1. The portal allows customisation of projects - in other words, it offers flexibility that allows teachers to adapt the project according to what's deem suitable by the teacher. As brought up during the sharing (learning points) during the section meeting, it was pointed out (by some) that the task tends to be 'converging' - ie. there's already a known answer to the 'hypothesis' and the approach seems to be leading the pupils to go through a carefully planned journey.

Looking from another perspective, I presume the task is put up to give the most conservative structure (as much info & resource as possible) - as I would agree that it's easier to remove than to fill in with more info.

2. As the name of the website implies... it's to do with Science... no wonder, even the 'only' Maths activity (Airbags: Too Fast, Too Furious??) is linked to Science - Physics... Well, isn't it that anything authentic has something to do with Science?

3. The medium used:
In the "Deformed Frog", pictures were put up at the relevant points to 'concretise' what's described in text - to see the 'hard-to-imagine' products. In "Airbags" project, simulation/video is included to aid investigation. Indeed, instructions were there to guide pupils what to look out for... yes, very guided (that reminds me when I conduct the spreadsheet - trying to give hints to lead the participants to look out for what I would like them to see). One advantage on the use of the video clips is that it allows the learner to slower drag the 'display point' so that he is able to do close analysis with the simulation.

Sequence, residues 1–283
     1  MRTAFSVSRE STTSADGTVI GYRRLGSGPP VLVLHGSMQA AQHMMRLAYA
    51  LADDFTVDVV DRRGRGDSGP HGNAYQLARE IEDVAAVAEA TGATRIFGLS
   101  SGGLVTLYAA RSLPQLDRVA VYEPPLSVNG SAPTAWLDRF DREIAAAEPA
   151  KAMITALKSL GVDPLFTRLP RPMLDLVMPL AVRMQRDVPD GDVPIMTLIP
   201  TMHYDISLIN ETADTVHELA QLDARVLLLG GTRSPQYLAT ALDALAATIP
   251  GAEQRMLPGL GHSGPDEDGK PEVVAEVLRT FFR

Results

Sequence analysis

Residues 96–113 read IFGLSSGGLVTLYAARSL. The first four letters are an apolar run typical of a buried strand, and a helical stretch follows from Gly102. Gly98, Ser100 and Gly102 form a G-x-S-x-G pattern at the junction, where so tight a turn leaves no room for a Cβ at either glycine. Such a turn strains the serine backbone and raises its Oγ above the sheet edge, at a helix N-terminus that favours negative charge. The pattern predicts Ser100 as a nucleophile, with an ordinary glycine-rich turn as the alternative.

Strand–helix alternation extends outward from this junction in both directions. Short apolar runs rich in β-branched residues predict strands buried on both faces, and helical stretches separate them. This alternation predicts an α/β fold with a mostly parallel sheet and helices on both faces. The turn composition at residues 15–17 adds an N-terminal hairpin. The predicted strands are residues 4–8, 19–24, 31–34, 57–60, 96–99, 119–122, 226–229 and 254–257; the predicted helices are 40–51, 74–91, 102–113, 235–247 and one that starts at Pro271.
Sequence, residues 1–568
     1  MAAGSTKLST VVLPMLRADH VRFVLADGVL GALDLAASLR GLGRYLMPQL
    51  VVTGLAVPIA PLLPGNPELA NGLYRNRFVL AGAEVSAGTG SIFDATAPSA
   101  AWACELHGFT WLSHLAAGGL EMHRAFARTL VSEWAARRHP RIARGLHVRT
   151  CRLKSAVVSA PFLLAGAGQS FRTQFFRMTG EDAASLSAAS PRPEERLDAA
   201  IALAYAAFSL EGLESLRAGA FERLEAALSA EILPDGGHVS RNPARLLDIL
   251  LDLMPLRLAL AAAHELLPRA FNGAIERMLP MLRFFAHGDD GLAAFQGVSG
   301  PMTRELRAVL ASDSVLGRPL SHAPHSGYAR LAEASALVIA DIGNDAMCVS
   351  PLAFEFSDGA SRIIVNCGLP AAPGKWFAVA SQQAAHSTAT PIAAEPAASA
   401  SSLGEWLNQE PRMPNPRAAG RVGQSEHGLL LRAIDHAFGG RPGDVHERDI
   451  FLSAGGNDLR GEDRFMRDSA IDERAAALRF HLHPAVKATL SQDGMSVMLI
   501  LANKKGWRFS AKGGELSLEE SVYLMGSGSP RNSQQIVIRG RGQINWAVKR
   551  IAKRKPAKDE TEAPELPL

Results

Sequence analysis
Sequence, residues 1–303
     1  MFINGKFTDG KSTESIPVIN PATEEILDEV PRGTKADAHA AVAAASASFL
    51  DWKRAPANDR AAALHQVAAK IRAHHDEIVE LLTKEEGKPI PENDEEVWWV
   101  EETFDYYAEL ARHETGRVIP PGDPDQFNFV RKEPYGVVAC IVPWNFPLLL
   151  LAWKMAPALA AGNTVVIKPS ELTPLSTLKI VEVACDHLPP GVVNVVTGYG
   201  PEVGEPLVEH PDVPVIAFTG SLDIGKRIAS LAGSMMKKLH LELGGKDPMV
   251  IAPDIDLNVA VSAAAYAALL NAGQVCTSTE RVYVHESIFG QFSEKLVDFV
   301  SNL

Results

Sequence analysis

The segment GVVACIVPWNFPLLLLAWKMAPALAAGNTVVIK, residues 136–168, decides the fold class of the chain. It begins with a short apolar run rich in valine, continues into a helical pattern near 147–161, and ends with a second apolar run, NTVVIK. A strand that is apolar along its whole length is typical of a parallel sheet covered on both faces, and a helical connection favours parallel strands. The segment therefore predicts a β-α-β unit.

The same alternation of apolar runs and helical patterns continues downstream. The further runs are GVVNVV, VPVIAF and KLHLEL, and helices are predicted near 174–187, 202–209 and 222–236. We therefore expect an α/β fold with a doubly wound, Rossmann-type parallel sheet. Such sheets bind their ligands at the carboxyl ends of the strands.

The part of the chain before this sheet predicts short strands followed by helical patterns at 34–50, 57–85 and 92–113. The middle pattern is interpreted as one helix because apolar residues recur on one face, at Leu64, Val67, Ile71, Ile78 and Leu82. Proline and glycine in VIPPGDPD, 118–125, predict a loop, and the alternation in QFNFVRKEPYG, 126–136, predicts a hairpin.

Because of the nature of the task - where pupils were to draw observation from a graph, a built-in web-based graphing tool is also available, as part of the investigation package. Like the "Deformed Frog" activity, it also comes with the notes feature where learner can jot down some points, based on the 'questions' displayed. Something new observed: It also comes with an MCQ where puplis were to make a 'decision' at that point of this learning.